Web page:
Wednesday, September 22, 2010

Eulogy for Youth’s End

I am jealous of my daughter’s generation and their wanton disregard for all the cautionary tales we throw at them. I am jealous of their sure conviction that a vast gulf separates them from my generation’s age, and aging, and aches &, pains, and lapsing physical capabilities and broken beauty. I often wistfully wish I could regain that age; that if I could but have my youth again, I would know better now how to spend the time in-between. Twenty-Four is all possibility, and an infinite future in which to make decisions and choices at leisure.

We hasten, my generation, to caution our children-turned-young-adults, about the swift passage of years just over the next horizon. We do this because we hope they will take heed and make good decisions now before they reap the fruit of decisions gone irrevocably bad. And we do this because we are jealous of the years they have before they find they may have painted themselves into a corner, and wish we could have those years too. They listen to us no more than we listened to our parents and their contemporaries in turn.

But then on occasion, those precious, nascent, jealously regarded years are dispensed with in no time whatsoever. Without regard for its thrumming imbued magic of potentiality and potency, this stretch of time is reduced without warning to a black hole, devouring itself to a pinpoint of nothing.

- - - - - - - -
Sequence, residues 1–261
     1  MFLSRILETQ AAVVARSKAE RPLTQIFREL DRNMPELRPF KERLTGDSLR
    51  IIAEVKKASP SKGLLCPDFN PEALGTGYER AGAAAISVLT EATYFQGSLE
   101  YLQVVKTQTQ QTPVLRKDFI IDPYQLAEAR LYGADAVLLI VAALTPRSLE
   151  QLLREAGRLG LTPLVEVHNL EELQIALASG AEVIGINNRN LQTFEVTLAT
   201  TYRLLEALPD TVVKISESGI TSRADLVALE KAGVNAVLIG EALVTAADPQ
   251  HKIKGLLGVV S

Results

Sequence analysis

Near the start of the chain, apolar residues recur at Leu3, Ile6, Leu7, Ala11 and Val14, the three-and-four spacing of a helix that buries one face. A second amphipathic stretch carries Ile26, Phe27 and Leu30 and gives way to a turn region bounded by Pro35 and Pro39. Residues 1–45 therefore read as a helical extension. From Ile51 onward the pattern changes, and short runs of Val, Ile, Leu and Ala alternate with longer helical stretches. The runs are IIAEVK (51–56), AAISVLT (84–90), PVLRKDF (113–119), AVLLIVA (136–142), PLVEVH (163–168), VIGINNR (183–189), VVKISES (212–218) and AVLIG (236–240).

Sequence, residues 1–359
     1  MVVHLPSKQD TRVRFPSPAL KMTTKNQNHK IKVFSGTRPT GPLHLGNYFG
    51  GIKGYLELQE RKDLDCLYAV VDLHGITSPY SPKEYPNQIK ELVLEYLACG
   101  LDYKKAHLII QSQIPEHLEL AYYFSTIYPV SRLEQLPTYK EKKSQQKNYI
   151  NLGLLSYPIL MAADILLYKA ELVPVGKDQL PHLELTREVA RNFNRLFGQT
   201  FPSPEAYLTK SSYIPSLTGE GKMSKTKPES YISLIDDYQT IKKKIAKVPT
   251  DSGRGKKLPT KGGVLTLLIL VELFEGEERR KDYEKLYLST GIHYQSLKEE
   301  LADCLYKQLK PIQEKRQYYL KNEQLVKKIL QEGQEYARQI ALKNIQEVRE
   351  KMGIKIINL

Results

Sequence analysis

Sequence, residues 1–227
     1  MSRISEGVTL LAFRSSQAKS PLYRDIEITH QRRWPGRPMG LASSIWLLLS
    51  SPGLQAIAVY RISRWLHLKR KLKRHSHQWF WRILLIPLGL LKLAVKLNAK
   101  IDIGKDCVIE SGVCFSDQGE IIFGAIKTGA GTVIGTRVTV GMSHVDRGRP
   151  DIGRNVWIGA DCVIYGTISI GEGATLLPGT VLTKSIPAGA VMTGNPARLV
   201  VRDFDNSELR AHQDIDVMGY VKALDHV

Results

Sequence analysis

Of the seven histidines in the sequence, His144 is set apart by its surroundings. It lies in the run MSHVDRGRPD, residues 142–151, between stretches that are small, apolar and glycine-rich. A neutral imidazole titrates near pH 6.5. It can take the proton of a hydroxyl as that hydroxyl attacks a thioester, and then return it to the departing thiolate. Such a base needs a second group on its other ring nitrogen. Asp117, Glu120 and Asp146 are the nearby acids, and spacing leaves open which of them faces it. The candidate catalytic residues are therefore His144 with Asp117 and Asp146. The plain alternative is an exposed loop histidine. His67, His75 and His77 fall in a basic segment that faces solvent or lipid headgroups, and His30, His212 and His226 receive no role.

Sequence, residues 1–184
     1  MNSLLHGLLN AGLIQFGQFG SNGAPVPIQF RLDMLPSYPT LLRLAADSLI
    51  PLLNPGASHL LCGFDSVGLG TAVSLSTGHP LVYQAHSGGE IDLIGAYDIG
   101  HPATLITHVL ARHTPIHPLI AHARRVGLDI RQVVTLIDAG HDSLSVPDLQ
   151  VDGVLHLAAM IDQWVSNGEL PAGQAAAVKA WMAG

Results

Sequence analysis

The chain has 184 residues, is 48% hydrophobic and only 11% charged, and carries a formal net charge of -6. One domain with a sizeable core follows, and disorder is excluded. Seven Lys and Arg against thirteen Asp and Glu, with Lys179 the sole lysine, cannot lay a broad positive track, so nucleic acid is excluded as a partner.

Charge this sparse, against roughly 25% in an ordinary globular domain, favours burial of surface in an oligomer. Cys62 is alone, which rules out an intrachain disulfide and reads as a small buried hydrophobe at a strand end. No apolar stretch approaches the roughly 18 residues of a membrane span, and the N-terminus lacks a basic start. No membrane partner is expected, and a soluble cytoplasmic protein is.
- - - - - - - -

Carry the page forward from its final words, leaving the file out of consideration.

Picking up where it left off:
My daughter had a friend in high school. She and he enjoyed their shared companionship gazing at stars from our back lawn as we slept unaware of their liaisons. Her window let her out of her room and into the shared night of the cosmos, grass, coffee and teenage philosophy. We met him on occasion, learning of their nocturnal friendship only sometime later. But we “approved” of him. He was good and kind and he made her happy. It has been some years, I think, since they have shared much more than a distant friendship, but he was every bit a shaper of her adolescence, for good or for bad, as my wife and I were – at least for a time.

But that time, several years ago, is gone. And his time, now, is also gone. He was murdered by strangers, without motive – as far as the police know – this past Sunday.

I didn’t know him well. I don’t grieve for him per se. I grieve vicariously with my daughter. But I also find myself grieving in a way I don’t fully understand. I think it may be that though I knew him only a little and only a number of years ago, I did actually know him. And he represented that boundless possibility of future years. And while I can’t have those years for myself, and while I am jealous of those who do have them for themselves, I am ultimately a champion of their right to have those years for themselves. Their theft leaves me appalled. There is a diminished set of years to be lived by a bright light. As with all of us, that luminescence would have gradually faded, perhaps to become merely wan, but more likely to become varied in subtle hues of wisdom, regret, and joy. But it has been unfairly snuffed.

I don’t believe in heaven. I believe in the life we have. I will not squander the years I have yet in front of me. I will dispense with keening over my lost youth – now that I have a clearer appreciation of what lost youth really is.